Massachusetts is trying to rally the troops and make
legalization happen in the state, but there are still a few who are strictly
opposed to making that happen. One of the people leading the charge for the
opposition is Mayor Martin J. Walsh of Boston.
“I just think it would be a mistake to legalize marijuana in
Massachusetts,” Walsh told the Boston
Globe. “I’ve seen too many lives ruined by starting to smoke ‘weed’ and
then, eventually, going to other types of drugs.” Apparently, Walsh is an
ex-alcoholic, and takes a very strong stance on any kind of substance use or
Massachusetts is currently in a tight spot, as many
lawmakers and citizens want cannabis legalized, but there is still opposition
from key figures like Governor Charlie Baker, Attorney General Maura Healey,
and Suffolk District Attorney Daniel F. Conley. However, most public figures
are tentative to take an extremely aggressive stance on the plant and prefer to
walk the line in order to receive bi-partisan support. Walsh, on the other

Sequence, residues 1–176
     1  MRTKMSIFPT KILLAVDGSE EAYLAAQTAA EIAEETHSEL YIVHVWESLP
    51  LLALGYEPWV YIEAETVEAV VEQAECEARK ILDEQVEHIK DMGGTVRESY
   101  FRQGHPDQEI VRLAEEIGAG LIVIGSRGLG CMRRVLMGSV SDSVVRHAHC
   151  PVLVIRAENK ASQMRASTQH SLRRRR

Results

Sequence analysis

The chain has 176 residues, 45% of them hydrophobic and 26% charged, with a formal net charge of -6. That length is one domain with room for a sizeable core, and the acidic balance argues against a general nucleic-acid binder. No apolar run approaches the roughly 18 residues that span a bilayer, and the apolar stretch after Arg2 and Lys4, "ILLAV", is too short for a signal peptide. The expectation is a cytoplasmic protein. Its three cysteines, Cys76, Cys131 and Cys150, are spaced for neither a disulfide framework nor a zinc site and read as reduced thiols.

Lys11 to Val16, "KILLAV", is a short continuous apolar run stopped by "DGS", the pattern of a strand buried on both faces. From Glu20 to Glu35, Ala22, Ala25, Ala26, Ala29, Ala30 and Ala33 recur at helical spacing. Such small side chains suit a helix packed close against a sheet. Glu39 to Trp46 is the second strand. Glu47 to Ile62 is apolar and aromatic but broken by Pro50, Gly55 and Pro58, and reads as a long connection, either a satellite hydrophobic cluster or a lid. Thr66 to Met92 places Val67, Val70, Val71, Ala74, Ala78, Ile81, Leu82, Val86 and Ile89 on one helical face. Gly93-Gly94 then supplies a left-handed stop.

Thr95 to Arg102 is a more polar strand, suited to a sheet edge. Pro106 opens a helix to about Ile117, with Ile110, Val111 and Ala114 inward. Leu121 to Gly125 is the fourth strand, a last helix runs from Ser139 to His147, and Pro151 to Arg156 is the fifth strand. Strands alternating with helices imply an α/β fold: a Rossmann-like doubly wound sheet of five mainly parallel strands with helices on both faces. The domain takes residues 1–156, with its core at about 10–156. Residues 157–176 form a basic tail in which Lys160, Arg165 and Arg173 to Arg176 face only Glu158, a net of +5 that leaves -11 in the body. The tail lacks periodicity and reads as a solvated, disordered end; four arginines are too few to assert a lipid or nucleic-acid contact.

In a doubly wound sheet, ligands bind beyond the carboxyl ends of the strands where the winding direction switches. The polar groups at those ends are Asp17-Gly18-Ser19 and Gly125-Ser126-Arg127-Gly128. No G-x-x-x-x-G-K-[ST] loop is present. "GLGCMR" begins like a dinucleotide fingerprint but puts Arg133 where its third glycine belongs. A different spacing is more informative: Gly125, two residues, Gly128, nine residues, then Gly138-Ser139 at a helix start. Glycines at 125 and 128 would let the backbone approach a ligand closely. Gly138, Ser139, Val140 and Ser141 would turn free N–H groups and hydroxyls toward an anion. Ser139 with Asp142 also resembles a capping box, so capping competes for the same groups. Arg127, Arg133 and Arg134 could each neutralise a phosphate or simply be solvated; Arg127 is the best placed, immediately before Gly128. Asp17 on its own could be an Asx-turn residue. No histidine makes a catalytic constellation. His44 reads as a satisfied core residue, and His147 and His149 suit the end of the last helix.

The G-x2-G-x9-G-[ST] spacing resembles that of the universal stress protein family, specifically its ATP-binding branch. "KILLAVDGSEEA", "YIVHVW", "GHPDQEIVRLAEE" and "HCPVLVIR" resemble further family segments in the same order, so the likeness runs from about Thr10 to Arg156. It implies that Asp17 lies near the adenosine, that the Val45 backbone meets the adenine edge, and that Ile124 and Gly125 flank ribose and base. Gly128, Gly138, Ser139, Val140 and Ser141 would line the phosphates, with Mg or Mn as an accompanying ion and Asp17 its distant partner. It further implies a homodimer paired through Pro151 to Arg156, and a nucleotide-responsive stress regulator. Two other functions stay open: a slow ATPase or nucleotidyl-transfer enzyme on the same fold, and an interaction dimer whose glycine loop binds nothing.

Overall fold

hand, is very open and aggressive about his stance on cannabis, since he sees
it as a personal, moral issue.
“I view it as a gateway drug,” he stated in the interview.
“Some people can, I guess, smoke it recreationally and they don’t get addicted
to it, but there’s a large number of people that are in recovery now or that
are struggling on the streets with addiction, and they got their start by
He was also not to be swayed by the argument that cannabis arrests
are often racially charged and therefore lead to discrimination. “So because of
racial disparities we legalize a drug that potentially could kill people, lead
to death?” he asked The Globe. “I
don’t think that’s a good enough reason to do it.”
It appears the mayor has good intentions at heart–addiction
can be hard to deal with, and according to his staff, it’s not all talk–he
still regularly volunteers to help out with those who suffer from alcoholism.
But his rhetoric about gateway drugs and cannabis being a killer is just tired,
and has recently been pretty much proven untrue. We hope that the good
advocates of Boston can educate Walsh on the benefits of medicating and treating
addiction with cannabis, so he may back down from this harsh stance and gain
some scientific enlightenment.